Insulin is a natural hormone that is basic and necessary to live. When our bodies can no longer make enough, we need it in the form of injections in order for our cells to absorb energy from food.
There are different types of insulin depending on how quickly they work, when they peak, and how long they last.
All insulin available in the United States is manufactured in a laboratory, but animal insulin can still be imported for personal use.Inside the pancreas there are beta cells make the hormone insulin. When you eat a meal, naturally beta cells release insulin to help the body use or store the blood glucose it gets from food. It does this by acting like a key to open the doors in your cells that typically absorb insulin, and help those cells pull insulin out of the blood and into the organs that need it- like the brain, muscles, and heart, to name a few.In people with Type 1 Diabetes, the beta cells in the pancreas have been destroyed and the pancreas can now no longer make insulin. For people with Type 1 Diabetes, or people with Type 2 who also have reduced beta cell insulin production, they must receive insulin injections (think of it as a supplement) in order for their organs to absorb the energy from food.
People with Type 2 Diabetes generally make insulin, but their bodies don't respond well to it. Some people with Type 2 need diabetes pills, insulin shots, or both to help their bodies use glucose for energy.
Insulin cannot be taken as a pill because it would be broken down during digestion just like the protein in food. It must be injected into the fat under your skin for it to get into your blood. In some rare cases insulin can lead to a mild allergic reaction at the injection site. Talk to your doctor if you believe you may be experiencing a reaction.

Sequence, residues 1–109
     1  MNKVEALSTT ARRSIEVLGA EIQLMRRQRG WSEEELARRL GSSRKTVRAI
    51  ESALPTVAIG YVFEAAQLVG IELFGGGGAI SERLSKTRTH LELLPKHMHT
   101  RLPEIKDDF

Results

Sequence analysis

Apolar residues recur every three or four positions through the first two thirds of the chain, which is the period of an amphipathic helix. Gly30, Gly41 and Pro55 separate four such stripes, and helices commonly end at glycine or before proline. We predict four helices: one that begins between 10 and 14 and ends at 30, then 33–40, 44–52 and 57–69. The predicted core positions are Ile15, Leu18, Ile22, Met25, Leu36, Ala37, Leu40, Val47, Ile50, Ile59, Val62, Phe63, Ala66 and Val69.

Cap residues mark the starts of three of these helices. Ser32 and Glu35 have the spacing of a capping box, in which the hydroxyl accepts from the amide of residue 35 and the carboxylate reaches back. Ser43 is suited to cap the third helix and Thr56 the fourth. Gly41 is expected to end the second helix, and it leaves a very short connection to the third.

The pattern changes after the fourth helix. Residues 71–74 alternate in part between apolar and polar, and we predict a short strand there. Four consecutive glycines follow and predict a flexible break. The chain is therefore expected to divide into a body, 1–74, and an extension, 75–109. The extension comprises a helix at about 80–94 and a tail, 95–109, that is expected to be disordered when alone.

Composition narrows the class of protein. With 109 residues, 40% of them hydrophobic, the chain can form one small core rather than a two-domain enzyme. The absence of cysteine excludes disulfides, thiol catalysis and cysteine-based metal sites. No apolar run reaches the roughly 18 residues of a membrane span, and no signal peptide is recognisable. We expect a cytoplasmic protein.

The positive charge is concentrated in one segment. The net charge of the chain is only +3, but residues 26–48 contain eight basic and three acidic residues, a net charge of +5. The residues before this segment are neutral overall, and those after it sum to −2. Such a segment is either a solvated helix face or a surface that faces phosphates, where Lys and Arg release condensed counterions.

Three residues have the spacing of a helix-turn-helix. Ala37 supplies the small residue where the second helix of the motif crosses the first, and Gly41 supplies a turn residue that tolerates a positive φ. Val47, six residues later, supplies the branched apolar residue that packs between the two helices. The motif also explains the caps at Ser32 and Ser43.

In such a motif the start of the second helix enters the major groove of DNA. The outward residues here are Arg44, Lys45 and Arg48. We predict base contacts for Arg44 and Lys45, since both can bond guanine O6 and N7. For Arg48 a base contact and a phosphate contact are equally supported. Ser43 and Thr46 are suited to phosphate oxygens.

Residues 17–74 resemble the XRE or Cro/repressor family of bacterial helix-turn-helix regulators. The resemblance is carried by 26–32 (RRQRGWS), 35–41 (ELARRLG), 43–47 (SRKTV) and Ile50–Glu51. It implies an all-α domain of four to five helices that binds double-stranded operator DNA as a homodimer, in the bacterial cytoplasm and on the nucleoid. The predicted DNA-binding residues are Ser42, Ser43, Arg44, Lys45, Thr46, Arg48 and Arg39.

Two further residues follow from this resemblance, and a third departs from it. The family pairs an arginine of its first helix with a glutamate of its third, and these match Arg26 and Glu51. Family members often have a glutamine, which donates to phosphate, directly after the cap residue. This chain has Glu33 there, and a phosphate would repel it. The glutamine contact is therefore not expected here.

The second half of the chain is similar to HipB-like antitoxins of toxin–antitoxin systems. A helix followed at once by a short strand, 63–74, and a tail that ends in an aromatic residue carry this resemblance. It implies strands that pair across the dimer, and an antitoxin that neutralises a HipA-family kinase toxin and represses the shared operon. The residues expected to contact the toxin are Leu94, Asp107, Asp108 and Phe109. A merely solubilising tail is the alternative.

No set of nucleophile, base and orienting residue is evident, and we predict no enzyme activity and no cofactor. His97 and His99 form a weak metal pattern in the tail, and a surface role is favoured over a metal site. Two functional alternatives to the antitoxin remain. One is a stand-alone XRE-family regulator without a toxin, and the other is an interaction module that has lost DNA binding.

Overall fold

Insulin has 3 main characteristics:
Premixed insulin can be helpful for people who have trouble drawing up insulin out of two bottles and reading the correct directions and dosages. It is also useful for those who have poor eyesight or dexterity and is convenient for people whose diabetes has been stabilized on this combination.In 2015 an inhaled insulin product, Afrezza, became available in the U.S. Afrezza is a rapid-acting inhaled insulin that is administered at the beginning of each meal and can be used by adults with type 1 or type 2 diabetes. Afrezza is not a substitute for long-acting insulin. Afrezza must be used in combination with injectable long-acting insulin in patients with type 1 diabetes and in type 2 patients who use long-acting insulin.
All insulins come dissolved or suspended in liquids. The standard and most commonly used strength in the United States today is U-100, which means it has 100 units of insulin per milliliter of fluid, though U-500 (5 times more concentrated) insulin is available for patients who are extremely insulin resistant.U-40, which has 40 units of insulin per milliliter of fluid, has generally been phased out around the world, but it is possible that it could still be found in some places (and U-40 insulin is still used in veterinary care).If you're traveling outside of the U.S., be certain to match your insulin strength with the correct size syringe.